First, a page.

Analysis of tramp amines

Tramp amines are a challenging crude oil contaminant for refinery operations. These amines generally arrive at the refinery from upstream processing—in-field sulfide scavenging. When they reach the desalter, amines like monoethanolamine and methylamine, wash into the aqueous phase. Eventually, they find their way to wastewater, where, without monitoring and control, they can result in process upsets, nitrification, and environmental citations.

On the other hand, any tramp amines that remain in the crude can form heat-stable salts in the tower. These salts precipitate, creating hard-to-treat, corrosive deposits. The solution is to operate at high-enough temperature that the salts do not form—an expensive option that limits distillation options. The amines that pass through to the overhead are recycled back to the desalter, increasing the amine, driving up the pH, and amplifying the corrosion risk.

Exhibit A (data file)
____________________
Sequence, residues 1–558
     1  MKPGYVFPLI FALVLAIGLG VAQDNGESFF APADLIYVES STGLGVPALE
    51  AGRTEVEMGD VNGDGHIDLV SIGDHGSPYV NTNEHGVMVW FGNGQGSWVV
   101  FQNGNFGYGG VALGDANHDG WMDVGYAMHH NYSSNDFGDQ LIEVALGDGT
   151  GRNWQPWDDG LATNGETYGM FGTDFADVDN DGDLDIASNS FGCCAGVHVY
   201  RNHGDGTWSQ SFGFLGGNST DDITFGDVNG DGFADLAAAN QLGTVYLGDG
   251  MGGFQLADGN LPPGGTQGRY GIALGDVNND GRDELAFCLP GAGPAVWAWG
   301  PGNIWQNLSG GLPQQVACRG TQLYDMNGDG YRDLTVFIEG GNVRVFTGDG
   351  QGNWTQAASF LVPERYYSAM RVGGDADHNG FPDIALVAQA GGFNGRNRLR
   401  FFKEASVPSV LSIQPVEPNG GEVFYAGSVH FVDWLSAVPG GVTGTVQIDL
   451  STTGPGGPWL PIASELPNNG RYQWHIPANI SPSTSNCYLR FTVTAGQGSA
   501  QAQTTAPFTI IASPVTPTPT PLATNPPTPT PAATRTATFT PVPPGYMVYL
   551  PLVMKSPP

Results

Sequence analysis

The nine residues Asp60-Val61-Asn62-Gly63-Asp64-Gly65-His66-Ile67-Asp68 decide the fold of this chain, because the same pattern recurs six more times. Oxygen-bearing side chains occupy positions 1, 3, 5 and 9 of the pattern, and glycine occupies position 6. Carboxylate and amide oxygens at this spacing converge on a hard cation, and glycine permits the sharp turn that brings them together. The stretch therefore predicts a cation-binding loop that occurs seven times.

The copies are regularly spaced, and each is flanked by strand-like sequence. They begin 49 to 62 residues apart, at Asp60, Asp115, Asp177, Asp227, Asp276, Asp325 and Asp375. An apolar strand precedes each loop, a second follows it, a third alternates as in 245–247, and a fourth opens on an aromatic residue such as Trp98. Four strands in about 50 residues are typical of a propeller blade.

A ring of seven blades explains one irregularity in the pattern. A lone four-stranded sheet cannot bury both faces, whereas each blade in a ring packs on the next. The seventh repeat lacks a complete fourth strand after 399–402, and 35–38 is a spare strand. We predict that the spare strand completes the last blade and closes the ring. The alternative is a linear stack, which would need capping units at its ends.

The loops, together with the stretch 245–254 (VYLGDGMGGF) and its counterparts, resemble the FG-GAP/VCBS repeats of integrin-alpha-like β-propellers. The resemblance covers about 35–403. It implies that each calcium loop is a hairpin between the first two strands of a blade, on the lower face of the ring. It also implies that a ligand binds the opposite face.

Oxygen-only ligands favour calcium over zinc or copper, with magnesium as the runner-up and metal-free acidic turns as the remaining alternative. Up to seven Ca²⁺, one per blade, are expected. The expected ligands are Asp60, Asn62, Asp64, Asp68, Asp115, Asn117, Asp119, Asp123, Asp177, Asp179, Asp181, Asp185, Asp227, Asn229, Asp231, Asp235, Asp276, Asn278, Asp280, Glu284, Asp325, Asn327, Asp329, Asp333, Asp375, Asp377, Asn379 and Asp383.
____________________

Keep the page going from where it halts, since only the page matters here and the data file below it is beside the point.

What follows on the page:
OndaVia’s amine monitoring tools can improve refinery process control. Our fast, simple techniques provide the data needed to adjust acid dosing or to modify crude blends.

In work with a Midwest refinery, we monitored overhead water for monoethanolamine content with side-by-side comparison against ion chromatography. The chromatographic results required sample conditioning and shipping, while the OndaVia analysis was performed on-site. The data below demonstrates excellent agreement between complex, expensive, maintenance-intensive chromatographic methods and the easy-to-use OndaVia analyzer.

Monoethanolamine tramp amine analysis via Quantitative Raman Spectroscopy in comparison to ion chromatography

This data can be used to adjust acid additions or to modify crude blends to minimize amine levels in the overhead. This adjustment, in turn, reduces energy consumption and improves tower performance, saving money and improving output.

What to learn more? Read our paper in Energy & Fuels. Or reach out.

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